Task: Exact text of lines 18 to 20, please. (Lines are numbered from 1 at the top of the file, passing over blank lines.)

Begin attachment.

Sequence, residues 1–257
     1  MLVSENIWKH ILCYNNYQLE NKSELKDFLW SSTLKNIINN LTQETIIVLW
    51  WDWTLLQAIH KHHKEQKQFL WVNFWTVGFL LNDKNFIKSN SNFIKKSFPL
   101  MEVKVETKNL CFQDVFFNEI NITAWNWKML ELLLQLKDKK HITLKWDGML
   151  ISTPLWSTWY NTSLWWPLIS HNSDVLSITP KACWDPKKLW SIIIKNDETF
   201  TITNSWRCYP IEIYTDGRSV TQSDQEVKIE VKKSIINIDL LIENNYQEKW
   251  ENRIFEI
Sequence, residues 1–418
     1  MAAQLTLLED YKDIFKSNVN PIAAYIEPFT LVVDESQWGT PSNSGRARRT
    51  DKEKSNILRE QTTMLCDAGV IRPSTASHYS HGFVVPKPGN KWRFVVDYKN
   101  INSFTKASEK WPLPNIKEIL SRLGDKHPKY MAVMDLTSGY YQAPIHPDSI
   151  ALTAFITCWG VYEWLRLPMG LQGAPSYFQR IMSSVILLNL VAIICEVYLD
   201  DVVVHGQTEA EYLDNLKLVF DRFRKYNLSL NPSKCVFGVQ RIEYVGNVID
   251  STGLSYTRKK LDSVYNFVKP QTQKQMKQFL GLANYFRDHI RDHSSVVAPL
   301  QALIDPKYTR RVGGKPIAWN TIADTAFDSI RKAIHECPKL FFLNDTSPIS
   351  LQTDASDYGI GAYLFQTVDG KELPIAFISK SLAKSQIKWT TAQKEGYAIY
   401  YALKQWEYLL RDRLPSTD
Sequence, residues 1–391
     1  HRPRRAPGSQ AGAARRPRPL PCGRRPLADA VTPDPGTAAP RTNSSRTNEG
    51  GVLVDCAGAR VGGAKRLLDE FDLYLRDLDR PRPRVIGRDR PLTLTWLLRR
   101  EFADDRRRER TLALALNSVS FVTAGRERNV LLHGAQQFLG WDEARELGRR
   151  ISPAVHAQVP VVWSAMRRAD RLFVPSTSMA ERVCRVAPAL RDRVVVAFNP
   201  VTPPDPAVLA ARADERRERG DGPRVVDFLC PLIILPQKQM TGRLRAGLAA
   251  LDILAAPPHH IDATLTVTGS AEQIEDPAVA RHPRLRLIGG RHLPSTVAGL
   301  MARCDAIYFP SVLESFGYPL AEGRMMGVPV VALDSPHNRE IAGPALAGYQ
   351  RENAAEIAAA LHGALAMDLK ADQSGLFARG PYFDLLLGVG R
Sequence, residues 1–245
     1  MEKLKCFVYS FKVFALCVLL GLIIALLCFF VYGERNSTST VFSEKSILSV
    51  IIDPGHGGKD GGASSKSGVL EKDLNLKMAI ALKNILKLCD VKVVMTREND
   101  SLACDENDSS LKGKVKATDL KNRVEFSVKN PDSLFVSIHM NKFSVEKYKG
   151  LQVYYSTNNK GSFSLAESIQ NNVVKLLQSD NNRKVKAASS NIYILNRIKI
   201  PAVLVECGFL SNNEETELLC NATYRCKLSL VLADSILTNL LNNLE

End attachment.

Sequence, residues 1–391
     1  HRPRRAPGSQ AGAARRPRPL PCGRRPLADA VTPDPGTAAP RTNSSRTNEG
    51  GVLVDCAGAR VGGAKRLLDE FDLYLRDLDR PRPRVIGRDR PLTLTWLLRR